At the closing press conference Minister Freeland announced that Canada would create an Ambassador for Women, Peace and Security. “This is an exciting new development, one that we hope will accelerate the implementation of Canada’s ambitious Women, Peace and Security commitments and increase Canada’s support grassroots women peacebuilders,” said Beth Woroniuk, coordinator of Women, Peace and Security Network-Canada.

The Minister also announced $25 million for women, peace and security initiatives, including funding for several women’s rights organizations. Specific funding for these organizations has been a long-time policy ask of Canadian civil society organizations.

Over 200 organizations from around the world urged the Ministers to recognize, protect and support women human rights defenders, noting that these activists face grave and numerous threats. “We will be monitoring the response to this statement. We are optimistic that future meetings of women Foreign Ministers will build on the productive relationships established here in Montreal,” said Anne Delorme, Gender Equality Programme Manager, AQOCI.

An informal coalition organized a series of side events around this historic women Foreign Ministers’ Meeting, including a public panel on Feminist Foreign Policy and a civil society dialogue.  Coalition members are: Amnesty International Canada (English), Amnistie internationale Canada francophone, Association Québecoise d’Organismes Cooperation Internationale (AQOCI), Canadian Foodgrains Bank, CARE Canada, Mines Action Canada, Nobel Women’s Initiative, Oxfam Canada, Oxfam Québec, The MATCH International Women’s Fund, World Federalist Movement Canada.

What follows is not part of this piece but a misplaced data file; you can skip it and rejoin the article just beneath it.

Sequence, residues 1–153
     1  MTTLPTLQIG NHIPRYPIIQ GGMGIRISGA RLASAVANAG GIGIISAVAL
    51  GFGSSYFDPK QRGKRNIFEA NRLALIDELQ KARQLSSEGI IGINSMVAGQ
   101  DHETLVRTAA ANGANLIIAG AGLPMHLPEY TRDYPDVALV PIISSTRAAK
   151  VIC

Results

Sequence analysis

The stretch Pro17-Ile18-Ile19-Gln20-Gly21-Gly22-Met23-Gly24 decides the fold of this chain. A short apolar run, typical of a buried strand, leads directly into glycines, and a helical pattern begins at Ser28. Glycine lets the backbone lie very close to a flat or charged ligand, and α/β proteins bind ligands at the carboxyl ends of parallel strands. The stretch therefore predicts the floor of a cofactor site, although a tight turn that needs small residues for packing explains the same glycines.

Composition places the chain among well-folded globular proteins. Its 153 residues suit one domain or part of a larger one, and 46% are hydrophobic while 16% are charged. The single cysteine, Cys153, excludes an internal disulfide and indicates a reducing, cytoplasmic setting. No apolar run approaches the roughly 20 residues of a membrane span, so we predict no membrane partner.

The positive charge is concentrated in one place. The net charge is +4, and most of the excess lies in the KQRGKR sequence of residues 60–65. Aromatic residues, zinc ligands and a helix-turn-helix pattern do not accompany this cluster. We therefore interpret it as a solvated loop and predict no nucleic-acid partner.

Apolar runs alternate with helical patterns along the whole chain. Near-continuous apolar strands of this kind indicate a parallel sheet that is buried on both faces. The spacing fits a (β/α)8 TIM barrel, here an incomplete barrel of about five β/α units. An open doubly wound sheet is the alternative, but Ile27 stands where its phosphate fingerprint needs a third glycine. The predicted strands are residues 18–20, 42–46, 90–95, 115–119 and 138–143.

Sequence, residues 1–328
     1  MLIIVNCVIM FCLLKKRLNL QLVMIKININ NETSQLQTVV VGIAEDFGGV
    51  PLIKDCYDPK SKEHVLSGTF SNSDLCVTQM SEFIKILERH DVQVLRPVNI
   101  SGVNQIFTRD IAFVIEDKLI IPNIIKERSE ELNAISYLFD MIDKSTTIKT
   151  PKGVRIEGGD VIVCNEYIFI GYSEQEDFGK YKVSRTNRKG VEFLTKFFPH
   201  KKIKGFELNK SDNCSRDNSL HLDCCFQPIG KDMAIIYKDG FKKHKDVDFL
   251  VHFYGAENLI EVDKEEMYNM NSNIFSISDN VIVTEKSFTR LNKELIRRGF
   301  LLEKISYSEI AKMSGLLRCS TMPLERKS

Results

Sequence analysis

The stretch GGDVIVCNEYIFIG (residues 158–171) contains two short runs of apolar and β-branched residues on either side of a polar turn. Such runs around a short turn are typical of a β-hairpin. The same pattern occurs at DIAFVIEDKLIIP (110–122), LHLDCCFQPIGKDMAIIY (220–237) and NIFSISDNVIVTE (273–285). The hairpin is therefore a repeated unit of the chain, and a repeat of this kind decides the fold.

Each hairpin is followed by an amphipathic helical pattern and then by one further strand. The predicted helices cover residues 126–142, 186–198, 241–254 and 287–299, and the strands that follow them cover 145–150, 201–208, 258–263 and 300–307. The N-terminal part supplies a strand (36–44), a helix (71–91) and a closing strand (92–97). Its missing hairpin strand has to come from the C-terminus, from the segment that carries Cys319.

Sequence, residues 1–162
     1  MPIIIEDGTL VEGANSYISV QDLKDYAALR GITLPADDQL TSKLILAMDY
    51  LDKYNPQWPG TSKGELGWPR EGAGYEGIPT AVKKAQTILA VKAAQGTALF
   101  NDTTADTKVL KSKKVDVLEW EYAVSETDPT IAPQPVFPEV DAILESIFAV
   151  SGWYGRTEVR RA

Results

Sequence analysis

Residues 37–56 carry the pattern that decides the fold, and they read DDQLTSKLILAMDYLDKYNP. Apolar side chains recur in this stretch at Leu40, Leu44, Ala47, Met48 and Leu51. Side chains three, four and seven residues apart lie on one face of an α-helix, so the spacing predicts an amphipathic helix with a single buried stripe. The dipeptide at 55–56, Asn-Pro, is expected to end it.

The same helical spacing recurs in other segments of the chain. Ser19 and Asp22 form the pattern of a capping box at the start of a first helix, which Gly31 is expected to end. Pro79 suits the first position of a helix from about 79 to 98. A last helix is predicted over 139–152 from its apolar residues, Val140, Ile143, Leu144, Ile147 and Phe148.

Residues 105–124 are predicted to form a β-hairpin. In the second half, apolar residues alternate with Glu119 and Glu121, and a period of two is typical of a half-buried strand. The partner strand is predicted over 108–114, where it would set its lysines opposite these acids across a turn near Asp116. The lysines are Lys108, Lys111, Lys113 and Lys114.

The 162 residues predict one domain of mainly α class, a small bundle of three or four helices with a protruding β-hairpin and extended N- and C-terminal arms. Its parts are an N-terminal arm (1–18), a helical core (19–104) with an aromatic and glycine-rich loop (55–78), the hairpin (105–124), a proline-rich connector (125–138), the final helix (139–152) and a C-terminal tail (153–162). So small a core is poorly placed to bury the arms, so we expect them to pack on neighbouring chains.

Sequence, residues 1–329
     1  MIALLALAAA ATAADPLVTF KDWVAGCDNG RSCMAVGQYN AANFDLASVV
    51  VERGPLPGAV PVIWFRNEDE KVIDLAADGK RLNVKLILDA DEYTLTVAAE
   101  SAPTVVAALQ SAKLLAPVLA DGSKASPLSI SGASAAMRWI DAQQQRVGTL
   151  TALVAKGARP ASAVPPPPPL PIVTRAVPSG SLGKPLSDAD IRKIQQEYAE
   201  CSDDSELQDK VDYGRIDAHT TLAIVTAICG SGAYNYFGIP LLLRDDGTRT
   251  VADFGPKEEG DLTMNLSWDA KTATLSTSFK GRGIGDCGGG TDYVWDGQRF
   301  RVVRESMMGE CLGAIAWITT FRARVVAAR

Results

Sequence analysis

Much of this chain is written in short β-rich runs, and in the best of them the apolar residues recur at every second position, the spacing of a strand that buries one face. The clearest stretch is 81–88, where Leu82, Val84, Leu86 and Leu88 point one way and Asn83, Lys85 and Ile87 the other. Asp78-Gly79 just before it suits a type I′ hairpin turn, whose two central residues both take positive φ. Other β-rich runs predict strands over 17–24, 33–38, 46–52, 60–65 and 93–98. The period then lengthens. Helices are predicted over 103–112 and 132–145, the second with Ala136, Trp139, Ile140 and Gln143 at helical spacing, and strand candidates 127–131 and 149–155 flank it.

New Explosive Weapons Q&A

The International Network on Explosive Weapons (INEW) has released a new Question and Answer document. This publication tackles such questions as:

- Are some explosive weapons worse than others?

- If we are limiting the use of certain explosive weapons in populated areas, are we encouraging the use of other, more targeted weapons?

- Does international humanitarian law adequately address this problem?

- Won’t some armed actors/explosive weapon users take such a standard more seriously than others?

- What can be done?

For answers to these questions and more, check out INEW's new publication here


PeaceBoat Visits Canada